Debby Ryan, lead actor in Netflix’s upcoming new satire series Insatiable, has responded to claims the show promotes fat-shaming.

If you haven’t seen the trailer, Insatiable follows the life of Patty (Ryan), a high school student who is repeatedly and brutally bullied for being overweight. Then, after being punched in the face so hard she’s sent to the hospital to get her jaw-rewired, Patty returns to school having also undergone a weight reduction surgery.

Now thin and desired by everyone, Patty uses her newfound popularity to get her revenge on every single student who made life for her hell.

Violence is involved.

As their Twitter says, “This story’s full of some crazy shit.” 

Immediately, fans of the streaming giant denounced the series with one writing “I’ve never been this disappointed in @netflix – from body dysmorphia to giving kids the idea that revenge bullying is justified, what other toxic BS are you trying to feed your audience.” 

Another user wrote:

In response to the backlash, Ryan wrote in a message posted to her social media:

As someone who cares deeply about the way out bodies, especially women’s, are shamed and policed in society, I was so excited to work on Insatiable because it’s a show that addresses and confronts those ideas through satire. Satire is a way to poke fun at the hardest things, bring darkness in the light, and enter difficult conversations. I have to laugh at my pain, otherwise I’ll dissolve and weep and get stuck instead of working through it. It’s a coping mechanism and, for a lot of people who are telling these stories, a healing mechanism. Over the last few days I’ve seen how many voices are protective and fiercely outspoken about the themes that come into play in this story. I’m grateful for that, and comforted by it, because I want those stories told right too.

Twelve years into my own struggles with body image, struggles that took me in and out of terrible places I never want to go again, things I choose every day to leave behind, I was drawn to this show’s willingness to go to real places about how difficult and scary it can be to move through the world in a body, whether you’re being praised or criticised for its size, and what it feels like to pray to be ignored because it’s easier than being seen. It was very important to Lauren Gussis, our writer and showrunner from whose brain and heart and life the character of Patty was born, as well as me, that any scenes where Patty was heavier don’t use her size as a punchline, and never justify the abuse she suffers. The humour is not in the fat-shaming (or thin-shaming, slut-shaming, virgin-shaming, “glam-shaming” for fans of Arie’s season of the Bachelor). The redemption is in identifying the bullies and saying “this is not okay”.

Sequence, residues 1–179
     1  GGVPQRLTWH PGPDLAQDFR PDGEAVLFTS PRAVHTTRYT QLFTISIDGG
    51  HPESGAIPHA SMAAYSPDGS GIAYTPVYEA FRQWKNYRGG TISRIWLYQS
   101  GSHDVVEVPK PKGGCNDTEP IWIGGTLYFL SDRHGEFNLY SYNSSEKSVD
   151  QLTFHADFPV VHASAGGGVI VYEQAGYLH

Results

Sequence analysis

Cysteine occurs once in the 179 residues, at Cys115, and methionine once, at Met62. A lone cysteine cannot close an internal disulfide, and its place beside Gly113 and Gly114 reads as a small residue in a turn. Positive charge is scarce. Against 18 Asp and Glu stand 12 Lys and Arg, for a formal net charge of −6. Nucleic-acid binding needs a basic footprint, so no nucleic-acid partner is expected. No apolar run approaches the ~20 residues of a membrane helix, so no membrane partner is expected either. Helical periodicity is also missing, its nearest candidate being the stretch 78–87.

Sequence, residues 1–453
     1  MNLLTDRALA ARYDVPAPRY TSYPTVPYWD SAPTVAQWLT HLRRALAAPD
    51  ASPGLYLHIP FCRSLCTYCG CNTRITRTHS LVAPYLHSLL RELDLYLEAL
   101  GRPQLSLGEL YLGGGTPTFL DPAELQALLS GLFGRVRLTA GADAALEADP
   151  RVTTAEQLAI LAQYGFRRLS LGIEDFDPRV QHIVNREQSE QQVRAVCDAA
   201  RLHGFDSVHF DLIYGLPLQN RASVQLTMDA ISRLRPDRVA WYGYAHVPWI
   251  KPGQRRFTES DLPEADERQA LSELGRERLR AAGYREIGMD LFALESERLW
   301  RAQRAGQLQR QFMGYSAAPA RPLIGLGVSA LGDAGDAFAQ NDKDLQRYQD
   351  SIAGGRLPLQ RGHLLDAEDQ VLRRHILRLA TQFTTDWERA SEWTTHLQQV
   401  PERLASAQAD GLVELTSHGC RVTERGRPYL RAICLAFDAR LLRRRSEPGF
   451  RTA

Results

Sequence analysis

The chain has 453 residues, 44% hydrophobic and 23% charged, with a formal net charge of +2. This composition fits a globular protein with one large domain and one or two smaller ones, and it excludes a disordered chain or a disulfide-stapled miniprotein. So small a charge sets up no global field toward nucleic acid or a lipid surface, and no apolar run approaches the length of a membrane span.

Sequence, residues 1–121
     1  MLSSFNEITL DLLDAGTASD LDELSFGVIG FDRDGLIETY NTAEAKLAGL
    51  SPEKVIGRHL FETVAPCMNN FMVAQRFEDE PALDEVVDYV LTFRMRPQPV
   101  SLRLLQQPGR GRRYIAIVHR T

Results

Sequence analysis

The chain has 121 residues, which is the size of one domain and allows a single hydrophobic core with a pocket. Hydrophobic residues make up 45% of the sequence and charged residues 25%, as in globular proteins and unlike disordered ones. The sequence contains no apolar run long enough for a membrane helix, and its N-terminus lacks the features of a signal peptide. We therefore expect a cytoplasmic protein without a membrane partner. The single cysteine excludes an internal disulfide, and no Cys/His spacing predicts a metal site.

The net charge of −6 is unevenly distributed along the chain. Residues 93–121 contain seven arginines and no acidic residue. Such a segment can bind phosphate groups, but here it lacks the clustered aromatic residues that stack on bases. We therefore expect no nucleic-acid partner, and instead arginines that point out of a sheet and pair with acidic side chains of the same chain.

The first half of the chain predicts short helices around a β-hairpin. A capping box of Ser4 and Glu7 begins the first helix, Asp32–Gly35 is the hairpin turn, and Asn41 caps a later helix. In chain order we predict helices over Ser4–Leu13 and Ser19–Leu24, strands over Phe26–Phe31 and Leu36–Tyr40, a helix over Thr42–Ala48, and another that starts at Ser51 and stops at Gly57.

Patty had the same brain, the same sense of humour and style, soul and heart, the same chucks, but felt like she didn’t matter to anyone until she was thin. She didn’t have the same opportunities, and she was treated worse, which is what triggers her rage. And Patty doesn’t starve herself skinny. She snaps and undergoes a physical transformation, but it doesn’t make her happy. We’re not in the business of fat-shaming. We’re out to turn a sharp eye on broken, harmful systems that equate thinness with worth.

I want more women to keep telling their stories and through that, face the gutting realisations that bog us down every day. I’m grateful to be on a show by whip-smart female creators that aims to dissect the insidious pressures we place on young women. I hope fans will wait and watch the show before passing judgement. If you go for this ride, I think you’ll recognise both yourself and the things that make you mad about our fractured and beauty-obsessed culture.

Showrunner Lauren Gussis also shared a message writing Insatiable is “a cautionary tale about how damaging it can be to believe the outsides are more important – to judge without going deeper. Please give the show a chance.” 

The 12-episode season will premier on Netflix, August 10.

Image: Netflix / Insatiable